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Tree cutting ordinance a city priority
By Brian Beckley
Following controversial situations involving tree removal on the Larios and Gunn properties, city staff and planning commission members are in the early stages of preparing a new tree removal ordinance for the City Council.
The Planning Department has sent out questionnaires to planning commissioners and council members to help decide the level of tree retention needed in Bonney Lake.
"We're just trying to get an idea of what the vision should be," Planning Manager Steve Ladd said.
Included in the questionnaire are 12 questions for each of four case studies or scenarios, though not all questions are applicable to every scenario.
"So far I can kind of see a pattern," Ladd said of the preliminary returns.
Most of the returned surveys call for regulation of all four scenarios, including large, heavily wooded sites, small infill sites (such as the Larios property), residential lots not proposed for development and wooded tracts not proposed for development.
While results tend toward allowing cutting of trees to enhance views, Ladd said there was a tendency to not allow tree cutting so the owner can sell merchandisable trees.
According to Ladd, the tree ordinance is a high priority for members of the city council.
"I think it's long overdue," Councilman Mark Hamilton said. Hamilton has been a proponent of such an ordinance for quite some time and is also one of the forces behind getting a "Tree City, USA" designation from the Arbor Society.
Hamilton said the main thing a tree retention ordinance sought to do was "maintain the character of the city for as long as possible" while maintaining the rights of property owners to do as they see fit with trees on their land.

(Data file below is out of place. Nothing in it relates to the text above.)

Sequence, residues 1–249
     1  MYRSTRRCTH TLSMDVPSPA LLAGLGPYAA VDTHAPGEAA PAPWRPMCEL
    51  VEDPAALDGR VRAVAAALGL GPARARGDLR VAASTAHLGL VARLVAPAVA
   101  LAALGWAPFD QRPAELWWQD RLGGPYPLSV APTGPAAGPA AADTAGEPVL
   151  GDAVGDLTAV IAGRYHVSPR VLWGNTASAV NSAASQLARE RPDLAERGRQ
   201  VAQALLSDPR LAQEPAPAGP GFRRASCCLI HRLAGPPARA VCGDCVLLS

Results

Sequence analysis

"New development is changing the character of the city by cutting the trees," he said. "This ordinance is not an ordinance that is going to prevent people from clearing their property of all their trees."
Hamilton also said it was important to regulate tree retention because removal of trees affects storm water retention and wind patterns.
"When those trees are gone, you have wetness as in the case of the Larios property," Hamilton said.
Jessica Larios received a tree removal permit from the city to begin work on the development of her piece of property, but neighbor concerns about wetlands and storm water have led to a work stoppage, an environmental study and several contentious exchanges at council meetings between Larios and her neighbors.
"I think this is the struggle that any city goes through as it grows," Mayor Bob Young said.
Young said he has given the staff no direction on how to handle this issue and said he is not sure if such an ordinance is necessary because he worries about over-regulation, as well as under-regulation.
"How do you find the balance in that?" he asked. "We need something, but I don't know what that something is."
Brian Beckley can be reached at email@example.com.